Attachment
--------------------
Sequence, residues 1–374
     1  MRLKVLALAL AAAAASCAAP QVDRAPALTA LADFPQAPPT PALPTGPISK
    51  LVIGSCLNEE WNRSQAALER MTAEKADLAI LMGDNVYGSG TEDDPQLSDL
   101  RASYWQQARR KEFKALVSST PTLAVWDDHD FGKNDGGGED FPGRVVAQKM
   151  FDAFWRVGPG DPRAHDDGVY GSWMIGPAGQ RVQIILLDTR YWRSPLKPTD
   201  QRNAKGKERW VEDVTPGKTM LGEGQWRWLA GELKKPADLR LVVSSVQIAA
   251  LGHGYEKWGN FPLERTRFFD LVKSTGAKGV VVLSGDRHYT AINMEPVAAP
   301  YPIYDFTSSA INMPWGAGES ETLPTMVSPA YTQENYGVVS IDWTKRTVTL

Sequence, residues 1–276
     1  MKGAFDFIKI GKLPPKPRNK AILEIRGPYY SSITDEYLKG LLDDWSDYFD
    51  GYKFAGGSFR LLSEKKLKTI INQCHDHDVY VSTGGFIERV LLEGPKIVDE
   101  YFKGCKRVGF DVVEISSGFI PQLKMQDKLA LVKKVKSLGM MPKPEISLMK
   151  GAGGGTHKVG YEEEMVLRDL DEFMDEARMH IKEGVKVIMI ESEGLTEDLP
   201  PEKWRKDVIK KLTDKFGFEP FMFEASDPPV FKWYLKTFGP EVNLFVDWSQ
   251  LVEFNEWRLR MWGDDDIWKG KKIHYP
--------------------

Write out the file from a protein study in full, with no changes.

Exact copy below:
Sequence, residues 1–374
     1  MRLKVLALAL AAAAASCAAP QVDRAPALTA LADFPQAPPT PALPTGPISK
    51  LVIGSCLNEE WNRSQAALER MTAEKADLAI LMGDNVYGSG TEDDPQLSDL
   101  RASYWQQARR KEFKALVSST PTLAVWDDHD FGKNDGGGED FPGRVVAQKM
   151  FDAFWRVGPG DPRAHDDGVY GSWMIGPAGQ RVQIILLDTR YWRSPLKPTD
   201  QRNAKGKERW VEDVTPGKTM LGEGQWRWLA GELKKPADLR LVVSSVQIAA
   251  LGHGYEKWGN FPLERTRFFD LVKSTGAKGV VVLSGDRHYT AINMEPVAAP
   301  YPIYDFTSSA INMPWGAGES ETLPTMVSPA YTQENYGVVS IDWTKRTVTL

Sequence, residues 1–276
     1  MKGAFDFIKI GKLPPKPRNK AILEIRGPYY SSITDEYLKG LLDDWSDYFD
    51  GYKFAGGSFR LLSEKKLKTI INQCHDHDVY VSTGGFIERV LLEGPKIVDE
   101  YFKGCKRVGF DVVEISSGFI PQLKMQDKLA LVKKVKSLGM MPKPEISLMK
   151  GAGGGTHKVG YEEEMVLRDL DEFMDEARMH IKEGVKVIMI ESEGLTEDLP
   201  PEKWRKDVIK KLTDKFGFEP FMFEASDPPV FKWYLKTFGP EVNLFVDWSQ
   251  LVEFNEWRLR MWGDDDIWKG KKIHYP